Side note: The best way to down a C-130 wasn't with the AIM-120 AMRAAM... that's just not fair. AIM-9 Sidewinders had a hard time with the props dissipating the heat signature. Guns at low altitude were really difficult due to the fact that there was a whole lot of earth in the field of view, and there are serious training rules to prevent an aircraft-dirt exchange. No, the best way was to fly nearly head-on to the cargo aircraft and drop a string of three Mk-82s 500-lb bombs (simulated, of course) with CCIP about 1/4 of a mile ahead of the aircraft (six second time of fall, 250 feet per second for the C-130) and let the victim fly into the frag.

The C-130H had a sextant port, so the navigator could use the sextant with the escape hatch in place. The bubble was not used for celestial navigation. It was only used for observation purposes in a hostile environment, although we never used them in Afghanistan as there was no concern about enemy aircraft.
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Old Yesterday, 11:40 AM
 
Location: SW OK (AZ Native)
14,080 posts, read 6,444,801 times
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Quote:
Originally Posted by AlaskaErik View Post
The C-130H had a sextant port, so the navigator could use the sextant with the escape hatch in place. The bubble was not used for celestial navigation. It was only used for observation purposes in a hostile environment, although we never used them in Afghanistan as there was no concern about enemy aircraft.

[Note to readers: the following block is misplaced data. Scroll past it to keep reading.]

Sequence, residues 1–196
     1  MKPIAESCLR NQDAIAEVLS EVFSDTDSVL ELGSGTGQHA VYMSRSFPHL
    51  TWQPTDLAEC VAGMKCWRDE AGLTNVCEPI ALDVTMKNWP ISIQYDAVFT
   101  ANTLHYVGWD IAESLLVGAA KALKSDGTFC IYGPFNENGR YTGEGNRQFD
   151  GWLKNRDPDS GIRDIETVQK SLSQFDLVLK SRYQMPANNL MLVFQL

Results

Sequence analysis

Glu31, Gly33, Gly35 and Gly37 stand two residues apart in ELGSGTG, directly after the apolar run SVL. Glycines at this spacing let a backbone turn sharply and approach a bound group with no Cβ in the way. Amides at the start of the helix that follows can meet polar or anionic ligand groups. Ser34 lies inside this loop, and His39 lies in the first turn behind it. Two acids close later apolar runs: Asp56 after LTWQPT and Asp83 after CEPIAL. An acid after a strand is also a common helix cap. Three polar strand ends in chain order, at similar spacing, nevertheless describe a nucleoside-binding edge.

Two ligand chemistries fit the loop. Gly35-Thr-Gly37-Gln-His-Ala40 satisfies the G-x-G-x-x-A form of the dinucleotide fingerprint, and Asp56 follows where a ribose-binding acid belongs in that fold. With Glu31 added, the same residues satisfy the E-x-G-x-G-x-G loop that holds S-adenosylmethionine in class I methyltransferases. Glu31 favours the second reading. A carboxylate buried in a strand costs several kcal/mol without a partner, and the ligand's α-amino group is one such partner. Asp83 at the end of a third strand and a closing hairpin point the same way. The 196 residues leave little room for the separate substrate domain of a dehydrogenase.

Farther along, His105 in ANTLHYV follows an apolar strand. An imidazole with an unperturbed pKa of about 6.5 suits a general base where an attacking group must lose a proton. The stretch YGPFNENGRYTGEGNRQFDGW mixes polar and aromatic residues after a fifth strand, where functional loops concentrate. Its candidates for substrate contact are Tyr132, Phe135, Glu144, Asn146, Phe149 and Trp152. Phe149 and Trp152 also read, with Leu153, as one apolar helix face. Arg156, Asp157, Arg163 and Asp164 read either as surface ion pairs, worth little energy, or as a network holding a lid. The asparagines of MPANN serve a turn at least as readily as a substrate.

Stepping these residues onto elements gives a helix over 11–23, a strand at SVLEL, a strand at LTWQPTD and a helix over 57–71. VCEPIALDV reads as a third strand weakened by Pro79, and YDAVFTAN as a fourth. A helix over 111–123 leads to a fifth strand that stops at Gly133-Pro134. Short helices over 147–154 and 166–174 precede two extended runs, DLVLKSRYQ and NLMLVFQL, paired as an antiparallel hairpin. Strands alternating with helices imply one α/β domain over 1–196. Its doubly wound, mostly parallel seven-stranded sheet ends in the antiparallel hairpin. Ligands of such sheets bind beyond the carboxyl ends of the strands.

That's good to know, I always assumed the bubble and sextant port were one and the same.
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Old Yesterday, 02:13 PM
 
Location: SW OK (AZ Native)
14,080 posts, read 6,444,801 times
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This not-too-politically-correct patch was given to those of us who provided the support to the AATTC school down at Fort Huachuca and flew against them in the MOAs of southern AZ. (The symbols are the Enhanced Envelope Gun Sight or EEGS on the center of the C-130.) It wasn't as easy as the patch makes it sound.

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Old Yesterday, 02:22 PM
 
Location: Wasilla, AK
5,406 posts, read 2,835,838 times
Reputation: 10682
Quote:
Originally Posted by SluggoF16 View Post
This not-too-politically-correct patch was given to those of us who provided the support to the AATTC school down at Fort Huachuca and flew against them in the MOAs of southern AZ. (The symbols are the Enhanced Envelope Gun Sight or EEGS on the center of the C-130.) It wasn't as easy as the patch makes it sound.

I just have the official patch from AATTC (Advanced Airlift Tactics Training Center) and the been there, done that t-shirt. We never had a politically incorrect patch that I ever saw. Being in the bubble in the summer really sucked. The worst thing for the rest of the crew was the bubble boy puking his guts out. In the C-130 world we referred to AATTC training as puke school, although I never did.
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Old Today, 08:08 AM
 
Location: SW OK (AZ Native)
14,080 posts, read 6,444,801 times
Reputation: 6196
Quote:
Originally Posted by AlaskaErik View Post